Member of the Assessment Working Group on Baltic Salmon and Trout (WGBAST) and Bayesian modeler Henni Pulkkinen.'Bayesian statistical inference is a field of statistics in which the initial knowledge – such as data and expert views (formulated into a prior distribution) – is updated with the new data (interpreted via likelihood function) to form a new understanding (called posterior distribution) about the parameter we are interested in. These steps can simply be considered as a learning process, like the ones taking place in our minds when tackling questions in our everyday life. A likelihood function is a component used also in traditional statistics which gives an interpretation of the data, specifying how much the observed data supports different plausible values of the parameter.
The concepts of prior and posterior distribution, however, are unique to Bayesian statistics. It is possible to combine any kind of initial knowledge into a prior distribution be it, for example, data from published or unpublished (grey) literature, past studies on related species or expert knowledge. A strict rule is, however, that the data we wish to analyse in our model cannot be used to construct prior distributions or to make decisions about the model structure – for example, the choice of likelihood functions. This would be a double usage of the same data and lead to falsely overconfident results.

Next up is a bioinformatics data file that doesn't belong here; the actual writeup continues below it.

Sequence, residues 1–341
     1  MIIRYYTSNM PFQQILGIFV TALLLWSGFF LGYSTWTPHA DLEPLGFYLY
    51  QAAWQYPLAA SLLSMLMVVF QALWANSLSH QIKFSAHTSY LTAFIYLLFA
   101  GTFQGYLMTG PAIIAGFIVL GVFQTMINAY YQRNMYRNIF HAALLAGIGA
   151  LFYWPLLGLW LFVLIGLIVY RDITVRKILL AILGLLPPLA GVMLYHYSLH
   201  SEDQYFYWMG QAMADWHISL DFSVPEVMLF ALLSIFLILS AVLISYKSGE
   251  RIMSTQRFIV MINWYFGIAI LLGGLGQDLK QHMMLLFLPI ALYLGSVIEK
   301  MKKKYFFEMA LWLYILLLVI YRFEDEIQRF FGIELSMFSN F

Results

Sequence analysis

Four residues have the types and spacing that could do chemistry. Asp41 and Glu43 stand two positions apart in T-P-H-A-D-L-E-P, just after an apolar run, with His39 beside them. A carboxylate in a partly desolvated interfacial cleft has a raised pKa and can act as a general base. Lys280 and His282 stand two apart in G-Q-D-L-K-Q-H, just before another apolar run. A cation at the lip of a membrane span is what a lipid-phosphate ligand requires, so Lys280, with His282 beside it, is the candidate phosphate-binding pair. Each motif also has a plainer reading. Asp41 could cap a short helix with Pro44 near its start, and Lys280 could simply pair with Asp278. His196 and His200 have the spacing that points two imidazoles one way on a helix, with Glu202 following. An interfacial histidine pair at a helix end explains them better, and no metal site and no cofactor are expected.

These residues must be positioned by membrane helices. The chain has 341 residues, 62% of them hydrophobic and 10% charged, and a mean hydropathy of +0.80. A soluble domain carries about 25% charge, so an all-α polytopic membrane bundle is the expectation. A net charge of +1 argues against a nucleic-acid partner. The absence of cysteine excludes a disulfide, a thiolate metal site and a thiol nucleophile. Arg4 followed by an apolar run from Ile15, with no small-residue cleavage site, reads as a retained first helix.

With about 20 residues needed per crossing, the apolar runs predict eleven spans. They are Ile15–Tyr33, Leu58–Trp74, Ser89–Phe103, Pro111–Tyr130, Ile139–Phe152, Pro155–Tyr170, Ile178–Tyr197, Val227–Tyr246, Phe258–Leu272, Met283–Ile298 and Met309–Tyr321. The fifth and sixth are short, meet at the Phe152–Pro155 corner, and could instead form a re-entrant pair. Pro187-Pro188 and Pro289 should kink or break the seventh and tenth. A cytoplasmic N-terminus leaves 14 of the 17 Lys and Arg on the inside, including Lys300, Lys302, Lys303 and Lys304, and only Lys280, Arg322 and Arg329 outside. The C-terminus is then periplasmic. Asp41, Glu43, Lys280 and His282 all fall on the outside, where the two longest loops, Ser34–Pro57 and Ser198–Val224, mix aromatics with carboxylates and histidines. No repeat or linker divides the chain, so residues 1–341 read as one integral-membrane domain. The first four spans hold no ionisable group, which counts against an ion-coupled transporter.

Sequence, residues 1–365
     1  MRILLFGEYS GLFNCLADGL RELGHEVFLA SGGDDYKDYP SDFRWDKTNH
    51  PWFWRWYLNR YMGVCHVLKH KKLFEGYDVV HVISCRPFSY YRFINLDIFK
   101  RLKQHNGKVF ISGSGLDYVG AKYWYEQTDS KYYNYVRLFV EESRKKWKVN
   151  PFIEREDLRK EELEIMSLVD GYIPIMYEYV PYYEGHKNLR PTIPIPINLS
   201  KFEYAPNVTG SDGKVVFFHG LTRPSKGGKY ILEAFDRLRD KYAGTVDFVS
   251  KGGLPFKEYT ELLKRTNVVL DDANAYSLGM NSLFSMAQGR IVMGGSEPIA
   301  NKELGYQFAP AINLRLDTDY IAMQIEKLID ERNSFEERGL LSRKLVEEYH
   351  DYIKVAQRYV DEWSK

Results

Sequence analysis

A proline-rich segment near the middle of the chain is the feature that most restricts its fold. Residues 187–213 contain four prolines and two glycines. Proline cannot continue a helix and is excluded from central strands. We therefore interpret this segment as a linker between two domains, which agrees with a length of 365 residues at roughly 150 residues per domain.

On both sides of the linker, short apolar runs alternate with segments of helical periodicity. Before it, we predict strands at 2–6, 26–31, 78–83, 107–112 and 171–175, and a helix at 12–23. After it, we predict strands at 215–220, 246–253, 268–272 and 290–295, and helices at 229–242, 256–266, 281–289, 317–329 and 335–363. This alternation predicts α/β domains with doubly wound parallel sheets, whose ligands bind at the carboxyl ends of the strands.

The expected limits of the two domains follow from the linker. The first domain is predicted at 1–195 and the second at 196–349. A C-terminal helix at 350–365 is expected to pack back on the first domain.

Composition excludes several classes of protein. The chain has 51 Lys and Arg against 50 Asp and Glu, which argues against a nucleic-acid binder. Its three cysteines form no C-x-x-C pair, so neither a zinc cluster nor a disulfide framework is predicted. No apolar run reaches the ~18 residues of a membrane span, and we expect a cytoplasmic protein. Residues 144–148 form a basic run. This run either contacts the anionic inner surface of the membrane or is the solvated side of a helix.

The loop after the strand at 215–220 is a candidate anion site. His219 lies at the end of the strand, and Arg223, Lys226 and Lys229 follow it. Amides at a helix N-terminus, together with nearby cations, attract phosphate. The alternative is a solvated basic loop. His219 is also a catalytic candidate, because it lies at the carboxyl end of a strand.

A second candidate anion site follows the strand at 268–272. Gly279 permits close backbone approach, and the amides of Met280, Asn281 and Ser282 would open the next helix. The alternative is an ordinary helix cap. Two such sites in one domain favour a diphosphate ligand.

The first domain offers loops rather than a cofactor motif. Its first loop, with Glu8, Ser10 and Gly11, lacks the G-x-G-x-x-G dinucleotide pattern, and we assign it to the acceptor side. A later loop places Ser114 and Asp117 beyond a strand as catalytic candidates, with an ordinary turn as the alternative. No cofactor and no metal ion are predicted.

Since in Bayesian analyses all quantities of interest are expressed as probability distributions, uncertainty related to these quantities is also estimated. This makes it possible to answer to interesting questions such as “what is the probability that the stock abundance has increased from last year?” Bayesian methods allow us to build complex models that are biologically realistic and yet provide comprehensible answers to practical questions. The downside is that the more complex model we have, the more computational power and time is required to come up with the posterior estimates. The need for fast computers is the reason why Bayesian modelling has only recently become common in many areas of research.
The stock assessment for Baltic salmon has been conducted with Bayesian models for over a decade. The current assessment successfully combines nearly all the versatile but relevant information available of these salmon stocks, and it has improved understanding of the population dynamics of this complex migratory species. Unsurprisingly, the amount of detailed research questions keeps growing as the biological realism and resolution of the assessment increases. The old saying that knowing more shows how little we still know seems to hold true.'